Also, maybe the flagship DRM-free store should be encouraging a revival of those "old" modes like LAN, instead of pouring resource-over-resource into making "the client to end all clients".
Hey, you know what?
Maybe it was supposed to be read as:
"the client (software) to end all clients (loyal GOG customers)".
IMA head out /s
And yes there are games like this out there, Grim Dawn for example is one of them that by default
support peer to peer MP, one is the HOST the other just join. But even back in the days with games
like Battlefield 2 that HAD a dedicated server file package you needed to provide ALL the extra work
your so called "THIRD PARTYS" provide these days, to have a ranked system working.
Completely with database, login accounts and so on. But yes you re right that was full MP DRM too and i am the dumb IT Sys Admin here, who knows jackshit how things work yes?
Well perhaps you gazed too deep into the abyss and stopped seeing world outside of your designated ruleset.
I have 2 things to say to you:
1.The "my rewards" is actual
singleplayer content. No matter how insignificant it is or how much SPECIFICLY YOU
"don't care", it is STILL
singleplayer add on content (dlc if you will) that is gated behind 3rd party server connection
It's significance and value in regards to gameplay in this so far singeplayer
game actually doesn't matter
It's about PRINCIPLES
- a concept vast amount of people worldwide don't want to fight for unless it affects them personally
2.Multiplayer by itself isn't
Whether multiplayer has DRM or not highly depends on implementation.
To give you an idea what I'm talking about:
it's ENTIRELY possible to create multiplayer netcode that doesn't
rely on de facto 3rd party (in regards to game developers' efforts) piece of software called "GOG Galaxy".
And you DON'T
actually have to use direct IP to achieve that.
It's enough if you create your own server backend to which your game's netcode communicates.
Then let people join lobbies based on nicknames.
Would that introduce piracy of GOG builds? Yes.
One way to avoid that is multiplayer token of sorts, say, serial key.
Which IS a form of DRM if used for singleplayer and could be seen as a form of DRM if used on multiplayer (I would say it's debatable). Still, better solution than Galaxy.
And if you happen to code UPnP into your game's netcode then you don't have to give a single C about any port opening (most customers worldwide are ignorant enough to leave their routers on default settings so it would work for majority ootb, and for those security conscious people, they either would get this working themselves, put the game on DMZ, or refuse to play the game alltogether per their own "ruleset" called "principles").
While having central server the game communicates to with hardcoded netcdode values, holding a list of self-hosting servers (obviously you would have to make them work, but again, now is not "past" just present, standards are different now and I see no problem with publicly hosting docs for configuring self-hosting servers for your game online, this would be a problem for some people 15-25 years ago, but not anymore) would ensure "game survival after official servers are shut off". You could also make the netcode value overrideable by cvar cfg file so that should the "central server list server" die some day people can offspring their own and redirect to it.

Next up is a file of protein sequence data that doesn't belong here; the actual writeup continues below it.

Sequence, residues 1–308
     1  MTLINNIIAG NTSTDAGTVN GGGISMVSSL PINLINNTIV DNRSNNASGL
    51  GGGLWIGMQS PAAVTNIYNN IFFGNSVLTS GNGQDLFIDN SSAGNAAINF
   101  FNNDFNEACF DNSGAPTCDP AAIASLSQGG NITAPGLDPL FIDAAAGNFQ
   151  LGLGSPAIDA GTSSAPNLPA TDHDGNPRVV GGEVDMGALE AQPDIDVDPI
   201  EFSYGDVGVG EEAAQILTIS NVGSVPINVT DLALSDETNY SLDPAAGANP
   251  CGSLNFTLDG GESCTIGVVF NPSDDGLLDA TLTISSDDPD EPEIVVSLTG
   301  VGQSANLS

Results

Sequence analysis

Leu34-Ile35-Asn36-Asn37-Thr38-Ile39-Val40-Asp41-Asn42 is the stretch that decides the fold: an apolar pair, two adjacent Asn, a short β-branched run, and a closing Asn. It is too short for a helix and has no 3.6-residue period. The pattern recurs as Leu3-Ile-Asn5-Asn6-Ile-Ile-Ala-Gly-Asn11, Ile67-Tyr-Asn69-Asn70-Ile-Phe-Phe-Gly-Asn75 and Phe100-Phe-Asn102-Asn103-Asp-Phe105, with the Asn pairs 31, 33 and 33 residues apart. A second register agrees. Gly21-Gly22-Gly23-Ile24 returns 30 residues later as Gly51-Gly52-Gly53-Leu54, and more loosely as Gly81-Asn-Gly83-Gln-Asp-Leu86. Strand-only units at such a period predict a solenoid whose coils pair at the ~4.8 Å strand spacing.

I can give you 2 examples. Both are DRM-ed games but I want you to focus on netcode and the used implementations.
1.Hitman 2016. The game authenticates DLC statuses and some minor data through Steamworks but outside of that relies entirely on connection to developers' (IOI) servers for checking and authenticating challange progression as well as afaik entire portion of non-singleplayer content.
2.Destiny 2 (and I will not talk about things like their down right INSANE
I will TLDR the C out of this as net structure of this game is really complex.
Basically they use UPnP based P2P combined with some centralized server aspects for stuff like user authentication.
It's far more complex than that but in short that's it.
Of course the game uses account authentication, and it's pretty unavoidable considering scope of the game (you need SOME
form of stats preservation that doesn't risk unauthorised other-user access).
My point is, it's ENTIRELY
possible to create multiplayer netcode that doesn't rely on 3rd party LAUNCHER
CDPR could have 100%
made Gwent not utilise Galaxy at all
and instead having in-game GOG account login
or as far as just nickname-like based authentication
with no account login.
Oh, and just so you know, I am atm quite busy making a deployment, so at a certain point in time I will dissappear and will not show up for at least DAYS.
So don't expect me to respond "immediatelly" should there be a need for it.
you as HOST has to provide all the work the "THIRD PARTY" usually has to do
Your convenience or inconvenience specificly in regards to making sure your network infrastructure can handle things ootb
or not is 100% irrelevant to the definition of DRM or lack thereof.
You guys have yours, thats fine. See you around o7
Such bait is utterly useless without specifying your designated timezone. And the "from" flag under the avatar is worthless since anybody can set anything there.
(just in case you didn t realize, yes i am fucking cynical atm)
I suggest Matcha for stress relief.
If you really think GoG is pushing real DRM, then you don't have seen DRM yet, i think. But hey
again, you are free to believe what you want to believe on that.
You are free to remain ignorant and stay in your comfort zone for the sake of not hurting your ego by admitting you may be mistaken.